Part three is a practical look at how to bring change to community. Chapters eight gives advice on creating a vision for change within your organization. Chapter nine talks about our need to be changed as we work for change. Chapter ten talks about how hope is essential to the change process.  This is followed by an afterword and two appendixes which help readers to think practically about the nature of change.

Despite its depth, this is an easy read. My summary doesn’t do justice to Bauman’s passion that his personal stories convey. He has a lot of wisdom and inspiration for those of us who care about change.. Bauman inspired me and gave me good insights on how to lead the process of change in my role as a pastor. I give this five stars and highly recommend it.

Note: I received this book from Multnomah in exchange for my honest review.

Yes He Does: a book review

I used to be part of a more expressive charismatic church, where Ché Ahn was a respected voice. I remember him preaching at our church one Sunday and enjoyed it. I read God Wants to Bless You! eager to see if I still appreciated Ahn’s message. I also am challenged by charismatic friends toward a more experiential and dynamic faith and the hunger for God’s blessing. God does want to bless us!

Ahn, who is a graduate from Fuller Theological Seminary, founder of the apostolic network Harvest International Ministry (HIM) and the founding pastor of HRock Church in Pasedena wants us to experience all God has for us in Christ. The impetus behind this book was a prophetic word given to him by Bob Hartley in 2013. Hartley told Ahn that he was to speak ten decrees–ten scriptural blessings–over his church  (12). Hartley wasn’t specific as to what these blessings ought to be, and after prayer Ahn compiled the list he shares here. These were decrees that Ahn declared over his church and had his members decree over their own lives.

God Wants to Bless You is presented in two parts. Part one describes the power (and purpose) of God’s blessing in our lives. Part two presents Ahn’s ten decrees. Each of the decree chapters begins with a prayerful ‘apostolic’ decree from Ahn, praying God’s blessing on a dimension of our life,  then some teaching from Ahn on the topic, and a closing decree for the reader to pray out loud, declaring God’s blessing on their lives.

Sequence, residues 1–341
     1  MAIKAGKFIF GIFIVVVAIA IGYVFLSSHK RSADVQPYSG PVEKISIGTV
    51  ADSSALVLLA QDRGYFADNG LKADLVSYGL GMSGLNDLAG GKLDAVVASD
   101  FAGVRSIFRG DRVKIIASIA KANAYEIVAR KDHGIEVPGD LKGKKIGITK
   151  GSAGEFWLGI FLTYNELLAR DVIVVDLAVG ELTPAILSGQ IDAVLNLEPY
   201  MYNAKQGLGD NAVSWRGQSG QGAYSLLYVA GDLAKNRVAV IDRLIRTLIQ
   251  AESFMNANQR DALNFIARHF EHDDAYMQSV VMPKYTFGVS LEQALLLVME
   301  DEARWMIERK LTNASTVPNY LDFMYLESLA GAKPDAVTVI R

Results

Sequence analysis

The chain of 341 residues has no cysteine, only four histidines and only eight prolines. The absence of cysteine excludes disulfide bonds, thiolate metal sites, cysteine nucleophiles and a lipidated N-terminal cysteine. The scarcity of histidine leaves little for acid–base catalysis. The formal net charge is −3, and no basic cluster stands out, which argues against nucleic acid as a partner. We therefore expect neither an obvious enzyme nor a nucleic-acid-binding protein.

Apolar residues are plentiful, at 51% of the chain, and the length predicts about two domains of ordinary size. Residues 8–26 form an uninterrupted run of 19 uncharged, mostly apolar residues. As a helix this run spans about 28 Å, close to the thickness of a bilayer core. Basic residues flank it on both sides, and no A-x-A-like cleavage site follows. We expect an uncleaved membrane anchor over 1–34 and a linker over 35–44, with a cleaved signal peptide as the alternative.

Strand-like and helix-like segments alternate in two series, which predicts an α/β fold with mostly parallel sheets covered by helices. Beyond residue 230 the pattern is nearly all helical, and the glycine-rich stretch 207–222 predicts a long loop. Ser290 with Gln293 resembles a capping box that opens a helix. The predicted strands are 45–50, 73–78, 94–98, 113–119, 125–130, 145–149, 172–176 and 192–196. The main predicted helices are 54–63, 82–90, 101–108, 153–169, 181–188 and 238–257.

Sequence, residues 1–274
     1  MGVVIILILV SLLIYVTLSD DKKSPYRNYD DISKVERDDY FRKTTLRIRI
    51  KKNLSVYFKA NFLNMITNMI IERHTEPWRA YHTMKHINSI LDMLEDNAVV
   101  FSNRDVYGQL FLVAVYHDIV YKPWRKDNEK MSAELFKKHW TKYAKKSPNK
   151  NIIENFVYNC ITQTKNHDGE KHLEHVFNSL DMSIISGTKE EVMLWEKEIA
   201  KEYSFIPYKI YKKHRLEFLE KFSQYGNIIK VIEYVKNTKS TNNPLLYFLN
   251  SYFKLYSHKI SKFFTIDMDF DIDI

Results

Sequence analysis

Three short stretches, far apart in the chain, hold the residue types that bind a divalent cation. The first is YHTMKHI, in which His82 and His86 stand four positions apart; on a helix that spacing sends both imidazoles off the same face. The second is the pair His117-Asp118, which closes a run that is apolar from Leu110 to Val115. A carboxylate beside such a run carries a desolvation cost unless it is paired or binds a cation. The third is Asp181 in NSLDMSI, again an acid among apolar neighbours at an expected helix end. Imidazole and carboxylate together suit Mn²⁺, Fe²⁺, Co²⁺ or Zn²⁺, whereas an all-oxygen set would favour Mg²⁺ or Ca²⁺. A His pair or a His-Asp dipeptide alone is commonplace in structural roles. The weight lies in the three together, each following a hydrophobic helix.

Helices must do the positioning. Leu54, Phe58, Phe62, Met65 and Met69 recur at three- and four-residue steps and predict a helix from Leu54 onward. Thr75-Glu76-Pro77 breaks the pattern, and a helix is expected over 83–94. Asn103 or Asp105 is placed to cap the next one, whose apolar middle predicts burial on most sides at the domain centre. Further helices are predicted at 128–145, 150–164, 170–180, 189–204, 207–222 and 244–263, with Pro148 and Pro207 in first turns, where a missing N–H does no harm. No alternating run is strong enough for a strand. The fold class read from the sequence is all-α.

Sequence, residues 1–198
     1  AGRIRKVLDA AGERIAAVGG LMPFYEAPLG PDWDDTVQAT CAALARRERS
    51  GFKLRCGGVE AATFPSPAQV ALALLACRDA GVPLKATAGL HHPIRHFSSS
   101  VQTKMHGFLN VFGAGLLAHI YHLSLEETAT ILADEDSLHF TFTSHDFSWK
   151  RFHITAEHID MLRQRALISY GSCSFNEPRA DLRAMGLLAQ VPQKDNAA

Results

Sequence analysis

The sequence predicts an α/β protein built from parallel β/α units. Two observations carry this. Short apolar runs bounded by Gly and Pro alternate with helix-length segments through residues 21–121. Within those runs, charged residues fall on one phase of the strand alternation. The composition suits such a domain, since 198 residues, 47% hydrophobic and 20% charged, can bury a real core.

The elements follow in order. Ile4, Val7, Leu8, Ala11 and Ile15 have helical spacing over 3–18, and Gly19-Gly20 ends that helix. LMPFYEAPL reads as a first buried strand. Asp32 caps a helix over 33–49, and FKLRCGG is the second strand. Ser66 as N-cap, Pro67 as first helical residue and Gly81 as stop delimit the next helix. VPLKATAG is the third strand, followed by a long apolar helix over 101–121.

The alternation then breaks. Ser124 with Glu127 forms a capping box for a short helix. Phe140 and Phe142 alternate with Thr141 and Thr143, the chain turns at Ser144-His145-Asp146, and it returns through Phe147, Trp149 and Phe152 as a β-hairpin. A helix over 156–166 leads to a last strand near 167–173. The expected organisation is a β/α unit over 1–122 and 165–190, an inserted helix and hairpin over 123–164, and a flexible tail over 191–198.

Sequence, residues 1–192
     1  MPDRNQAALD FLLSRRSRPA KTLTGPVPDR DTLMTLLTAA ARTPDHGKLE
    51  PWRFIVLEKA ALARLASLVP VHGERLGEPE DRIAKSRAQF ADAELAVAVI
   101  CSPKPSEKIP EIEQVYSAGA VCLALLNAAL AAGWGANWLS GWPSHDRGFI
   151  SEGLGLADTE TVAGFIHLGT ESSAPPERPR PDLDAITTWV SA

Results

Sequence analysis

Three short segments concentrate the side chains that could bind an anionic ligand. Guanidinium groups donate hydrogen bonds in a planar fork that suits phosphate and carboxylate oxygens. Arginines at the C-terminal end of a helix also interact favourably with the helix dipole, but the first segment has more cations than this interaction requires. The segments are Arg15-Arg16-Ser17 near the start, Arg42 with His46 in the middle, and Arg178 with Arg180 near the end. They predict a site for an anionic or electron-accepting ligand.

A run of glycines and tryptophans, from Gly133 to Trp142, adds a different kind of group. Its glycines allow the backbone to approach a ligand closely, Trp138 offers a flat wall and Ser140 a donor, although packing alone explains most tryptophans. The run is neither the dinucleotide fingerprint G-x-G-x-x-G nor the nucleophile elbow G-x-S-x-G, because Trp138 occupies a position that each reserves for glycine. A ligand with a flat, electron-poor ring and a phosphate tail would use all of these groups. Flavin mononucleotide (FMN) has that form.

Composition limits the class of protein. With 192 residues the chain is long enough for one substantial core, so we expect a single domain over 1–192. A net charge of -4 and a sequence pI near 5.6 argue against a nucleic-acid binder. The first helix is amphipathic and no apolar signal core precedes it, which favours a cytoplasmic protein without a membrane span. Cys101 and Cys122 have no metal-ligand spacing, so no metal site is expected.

All of these decrees are biblically rooted. Ahn leads us through prayers that we will grow in our knowledge of God’s love, grow in grace, be in empowered by the Spirit, know our identity in Christ, grow in Christlike character, see God’s Kingdom come, experience God’s healing, prosperity and fulfill our personal God-given destiny.

Ahn is a good teacher and I was generally impressed by his use of scripture. I also liked that this book isn’t a simple ‘name it and claim it’ book. When Ahn writes about growing in love, character, grace, etc, he imparts strategies for living in a more Christlike way.  This isn’t just about speaking God’s blessing in our life, Ahn shares vulnerably his sometimes difficult journey as a disciple. There is no dichotomy here between praying for something, and active spiritual discipline.

However I do have qualms with his understanding of Israel and prosperity. Ahn teaches about God’s continuing blessing on Israel and the Jewish people based on their covenant with God and his covenant faithfulness to them (41-46). He then teaches that all of the blessings of Israel are our inheritance in Christ because we have been grafted into  Abraham’s family (46). To me, this smacks of supersessionism and leads to the misreading of the Bible. Secondly, Ahn’s teaching of prosperity involves renouncing ‘the Spirit of Poverty; on our lives. Ahn shares the story of renouncing the spirit of Poverty and receiving his first five-thousand dollar honorarium (57). I can agree with Ahn that we shouldn’t seek poverty for poverty sake, or idealize it.  Yet I think what scripture commends is that  God’s care for us and our needs. It is not  a ‘pray and grow rich’ theology. I am nervous about the way the prosperity gospel penetrates Ahn’s description of God’s blessing.

But I am also appreciative that the Blessings that Ahn has us declare over our lives are so that we can be a blessing to our neighbors and the nations. The impact of the abundant life is that we share God’s love, grace, healing, and prosperity with others. Ahn teaches us that God blesses so that we can be a blessing. I can’t agree more. I am awed and inspired by God’s goodness to us and the way it is described here.

I give this book three stars and recommend it, albeit with reservations. I want to experience more of God’s unconditional goodness. I want that for you to.

Note: I recieved this book from Chosen books in exchange for my honest review.

Human Trafficking in Our Backyard: a book review

We say, “Not in our backyard” to indicate our  strong opposition to something: a property development in our neighborhood, unacceptable behaviors, a factory spewing out toxic pollution. Unfortunately there are some pretty heinous things in our backyard already, none as horrifying as human trafficking.